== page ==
Lithuania’s slim and trim market shared by legal players and counterfeiters

  • 2011-05-11
  • By Linas Jegelevicius

KLAIPEDA - Are you doing sit-ups like crazy, trying to work off the fat around your midsection as fast as possible, though the six-pack you saw in a glitzy fitness mag is still nowhere to be seen? Does your heart sink deeper every time when the fat rings squeeze on your belly? Are you fed up with the excruciating work-outs and the heart-jump-out cardio that apparently are not working for you? You cannot curb your food cravings, can you?

For overweight people, accounting for roughly 40 percent of the population in Lithuania, the emotional ups-and-downs while fighting the pot belly are quite common. After fruitless physical exertion, most try something more sinister – weight loss pills. However, if you ask for a quick-acting fat-shedding pill at a Lithuanian pharmacy, you will likely see the pharmacist shaking his head. “Now we do not sell any weight-loss pills under prescription, only dietary supplements. I can offer just appetite suppressants, or Magnesium dietary supplements. A year and a half ago, I could suggest trying Lindaxa, Reductil or other Sibutramine-laden weight loss pills under prescription. I had heard that these weight loss pills have been very effective, even to those who have lost hope of getting rid of fat. The sales of the drugs were very good, as I would have to order them several times a week. I am not aware of the reasons as to why the Sibutramine medicine was taken off the market. I can just tell that they were flying in my pharmacy,” Ingrida Stoliniene, a Klaipeda pharmacist, maintained to The Baltic Times.

Ramune Visockyte, press officer at Lithuania’s State Drug Control Service (LSDCS), informed The Baltic Times that Lindaxa and Reductil, the most effective weight-loss medicines of the era, were removed from the market, following a decision by Europe’s medicine supervisory institution, European Medicine Agency (EMA). “EMA has concluded that the medicines pose more  risks than benefits,” Visockyte said. In its Web site, EMA substantiates its decision, referring to the U.S. Food and Drug Administration’s (FDA) findings, which have exhibited some very adverse side effects of the pills, including a higher stroke risk for cardiovascular patients. In the U.S., Reductil is known as Merida.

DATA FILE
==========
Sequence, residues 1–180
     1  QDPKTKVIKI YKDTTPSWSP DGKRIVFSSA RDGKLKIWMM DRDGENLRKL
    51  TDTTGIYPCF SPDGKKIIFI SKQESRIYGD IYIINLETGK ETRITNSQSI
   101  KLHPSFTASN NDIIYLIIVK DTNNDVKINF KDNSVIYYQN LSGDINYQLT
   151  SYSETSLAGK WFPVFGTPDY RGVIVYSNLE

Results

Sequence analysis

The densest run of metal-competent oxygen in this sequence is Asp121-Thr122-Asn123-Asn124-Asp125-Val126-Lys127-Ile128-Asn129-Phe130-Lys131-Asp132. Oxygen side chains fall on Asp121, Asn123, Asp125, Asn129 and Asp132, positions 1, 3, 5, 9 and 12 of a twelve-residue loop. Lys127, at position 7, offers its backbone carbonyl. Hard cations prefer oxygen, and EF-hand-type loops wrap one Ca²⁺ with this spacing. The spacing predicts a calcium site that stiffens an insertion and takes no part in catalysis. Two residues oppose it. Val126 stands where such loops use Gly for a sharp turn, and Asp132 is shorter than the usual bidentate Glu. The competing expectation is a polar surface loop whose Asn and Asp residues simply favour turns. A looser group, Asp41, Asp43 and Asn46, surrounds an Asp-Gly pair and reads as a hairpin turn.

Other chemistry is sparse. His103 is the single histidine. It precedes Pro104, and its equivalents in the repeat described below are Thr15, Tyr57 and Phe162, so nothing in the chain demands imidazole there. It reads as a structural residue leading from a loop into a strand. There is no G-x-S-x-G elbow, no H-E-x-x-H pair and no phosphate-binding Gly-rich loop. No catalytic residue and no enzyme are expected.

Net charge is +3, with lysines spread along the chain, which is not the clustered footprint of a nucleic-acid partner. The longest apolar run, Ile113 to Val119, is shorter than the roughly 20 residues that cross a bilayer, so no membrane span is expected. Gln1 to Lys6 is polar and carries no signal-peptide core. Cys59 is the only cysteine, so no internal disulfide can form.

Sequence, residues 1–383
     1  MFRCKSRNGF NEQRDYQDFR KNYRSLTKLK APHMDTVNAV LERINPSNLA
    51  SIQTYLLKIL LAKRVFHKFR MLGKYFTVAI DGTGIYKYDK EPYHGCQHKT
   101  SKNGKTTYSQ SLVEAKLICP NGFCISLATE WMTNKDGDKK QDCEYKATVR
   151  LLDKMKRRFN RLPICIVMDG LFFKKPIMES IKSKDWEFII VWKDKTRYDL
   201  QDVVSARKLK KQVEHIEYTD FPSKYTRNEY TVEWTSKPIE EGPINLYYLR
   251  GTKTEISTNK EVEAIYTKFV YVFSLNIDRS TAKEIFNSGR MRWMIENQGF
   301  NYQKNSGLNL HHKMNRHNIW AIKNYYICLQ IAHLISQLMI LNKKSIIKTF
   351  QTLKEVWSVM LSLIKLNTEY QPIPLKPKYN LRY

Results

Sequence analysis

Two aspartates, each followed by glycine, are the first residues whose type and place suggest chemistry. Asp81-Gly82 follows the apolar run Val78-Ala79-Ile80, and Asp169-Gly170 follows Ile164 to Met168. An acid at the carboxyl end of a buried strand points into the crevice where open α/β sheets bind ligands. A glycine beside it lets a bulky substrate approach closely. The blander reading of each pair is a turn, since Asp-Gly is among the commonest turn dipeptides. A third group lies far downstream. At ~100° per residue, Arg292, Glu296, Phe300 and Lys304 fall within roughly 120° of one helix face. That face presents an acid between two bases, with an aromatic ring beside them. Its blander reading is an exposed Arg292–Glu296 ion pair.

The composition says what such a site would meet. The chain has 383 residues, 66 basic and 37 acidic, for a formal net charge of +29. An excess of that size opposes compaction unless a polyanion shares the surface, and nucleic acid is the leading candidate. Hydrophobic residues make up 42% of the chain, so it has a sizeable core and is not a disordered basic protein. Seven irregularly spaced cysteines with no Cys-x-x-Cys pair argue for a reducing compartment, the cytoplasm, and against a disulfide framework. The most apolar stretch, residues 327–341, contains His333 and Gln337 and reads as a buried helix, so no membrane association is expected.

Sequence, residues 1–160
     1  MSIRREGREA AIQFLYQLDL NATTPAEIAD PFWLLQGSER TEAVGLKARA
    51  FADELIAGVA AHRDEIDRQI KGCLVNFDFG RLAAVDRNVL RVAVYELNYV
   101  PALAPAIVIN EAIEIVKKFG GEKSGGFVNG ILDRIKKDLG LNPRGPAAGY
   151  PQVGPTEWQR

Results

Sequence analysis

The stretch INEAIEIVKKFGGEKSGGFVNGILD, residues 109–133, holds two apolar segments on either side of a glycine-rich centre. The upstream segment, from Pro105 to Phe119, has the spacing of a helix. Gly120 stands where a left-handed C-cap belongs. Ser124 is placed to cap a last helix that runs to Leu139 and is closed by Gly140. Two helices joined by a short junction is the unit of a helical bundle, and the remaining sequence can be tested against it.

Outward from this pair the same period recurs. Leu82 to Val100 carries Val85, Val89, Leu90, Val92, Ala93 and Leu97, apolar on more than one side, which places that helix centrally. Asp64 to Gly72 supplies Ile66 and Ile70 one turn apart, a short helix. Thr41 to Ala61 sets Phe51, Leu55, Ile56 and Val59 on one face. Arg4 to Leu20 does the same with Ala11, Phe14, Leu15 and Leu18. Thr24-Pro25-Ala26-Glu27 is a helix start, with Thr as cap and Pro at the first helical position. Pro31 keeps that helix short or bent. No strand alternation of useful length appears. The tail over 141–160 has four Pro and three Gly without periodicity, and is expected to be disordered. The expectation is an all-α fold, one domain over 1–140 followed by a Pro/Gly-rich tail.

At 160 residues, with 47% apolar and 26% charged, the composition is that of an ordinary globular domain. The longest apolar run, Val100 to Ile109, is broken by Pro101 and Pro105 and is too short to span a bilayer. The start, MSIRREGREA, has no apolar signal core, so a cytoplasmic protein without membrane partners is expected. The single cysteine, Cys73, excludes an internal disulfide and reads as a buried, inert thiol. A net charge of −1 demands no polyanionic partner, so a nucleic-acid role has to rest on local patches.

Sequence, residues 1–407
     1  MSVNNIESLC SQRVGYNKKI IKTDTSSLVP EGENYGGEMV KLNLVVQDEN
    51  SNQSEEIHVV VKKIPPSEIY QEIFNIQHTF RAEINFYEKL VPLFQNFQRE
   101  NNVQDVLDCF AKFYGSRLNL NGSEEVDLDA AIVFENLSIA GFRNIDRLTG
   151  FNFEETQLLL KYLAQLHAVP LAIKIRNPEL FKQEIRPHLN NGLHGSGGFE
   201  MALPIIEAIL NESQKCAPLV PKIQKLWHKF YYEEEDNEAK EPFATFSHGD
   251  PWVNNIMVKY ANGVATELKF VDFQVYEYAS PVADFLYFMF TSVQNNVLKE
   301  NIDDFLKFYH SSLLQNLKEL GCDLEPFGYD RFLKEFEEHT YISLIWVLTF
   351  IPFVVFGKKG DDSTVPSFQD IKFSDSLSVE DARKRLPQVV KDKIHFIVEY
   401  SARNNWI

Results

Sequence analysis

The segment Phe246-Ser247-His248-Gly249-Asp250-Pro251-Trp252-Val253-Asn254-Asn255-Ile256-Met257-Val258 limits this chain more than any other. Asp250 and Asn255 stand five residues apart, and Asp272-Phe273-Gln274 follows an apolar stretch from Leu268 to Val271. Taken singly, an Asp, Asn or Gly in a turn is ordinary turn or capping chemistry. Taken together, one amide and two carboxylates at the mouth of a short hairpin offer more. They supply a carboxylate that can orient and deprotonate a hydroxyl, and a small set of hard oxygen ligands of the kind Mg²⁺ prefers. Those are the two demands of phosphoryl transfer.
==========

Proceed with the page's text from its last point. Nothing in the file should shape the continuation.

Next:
A certified weight-loss specialist in Klaipeda, who preferred to speak to The Baltic Times without disclosing her name, said that the removal of the effective weight-loss medicine was “a blow to thousands of obese people, whom the medicine was really helping.” She said that, until recently, three medicines were usually administered for obese patients: Orlistat (Xenical), Rimonabant and Sibutramine-rich Reductil and Lindaxa. However, the latter two have been removed from the market due to their supposed adverse side-effects.

Sibutramine weight loss is a stimulant that acts on the central nervous system and has been a proven weight loss drug. As a central nervous system stimulant, Sibutramine weight loss treatment inhibits the reuptake of neurotransmitters in the brain. This leads to suppression of appetite and an increase in the sense of fullness.

“I am not in a position to argue the medical findings, but the bottom line is they have been helping many hopelessly obese patients. Unfortunately, today available obesity-fighting remedies are not that effective, or are ineffective. Therefore, many people, determined to wage a fight against obesity, go to Belarus or Kaliningrad and buy the banned drugs. I heard that a packet of Reductil costs 500 litas (145 euros) in the black market, three times more than the original price at pharmacies. The black drug market is booming in Lithuania, and weight-loss medicine of Chinese origin takes up a significant part of it. No doubt, most of them are much more precarious than Reductil or Lindaxa,” the dietician asserted.

Jurate, a Klaipeda resident, reverberates her reasoning, maintaining that the European Medicine Agency has over-exerted itself in prohibiting Sibutramine-rich medicine sales. “It seems to me that, for Lithuanian doctors, treating obesity is just about coaxing a patient into changing lifestyle, balancing nutrition and undertaking physical activities, which, I do not argue, is all good. However, I have the impression that our doctors shun addressing the problem medically, prescribing some serious weight-loss remedies. After Reductil was banned, no other as-effective weight-loss remedy appeared on the market. All other pills I have tried do nothing for me. Frustrated, and advised by a friend who is also suffering from obesity, I went to a local market one day and bought some Chinese weight-loss stuff - Lida. Its seller told me she had bought it in Sovetsk. Although I have heard many bad comments about Lida, as with all Chinese dietary products, it seems to be working on me. I have already shed five kilos since I started,” Jurate boasted to The Baltic Times.

Oh, yes, Chinese Lida has long been banned by the European Union, but obese people are determined to try out anything, let it be Martian bugs, let alone the Chinese stuff!
If you scour through the multiple Web sites offering weight-loss supplements, 90 percent of them sell illegal products – the same Chinese Lida, Lipra or other Asian offerings. While a sheer majority of consumers realize the possible threats of the illegal brands, women’s Web forums are overflowing with “incredible” stories by weight-loss champions. “I have lost six kilos in just two months. Nothing works better for me than Lida,” an Internet commentator, presenting herself as “a young mom,” brags.

“Chinese supplements [work] miraculously. I have tortured myself in numerous gyms, up to fainting, but the cursed fat did not go anywhere. Now I gulp down whatever I want, but I keep shedding the unnecessary kilos,” another public commentator, signed in as “desperation is gone,” said, praising the illegal items.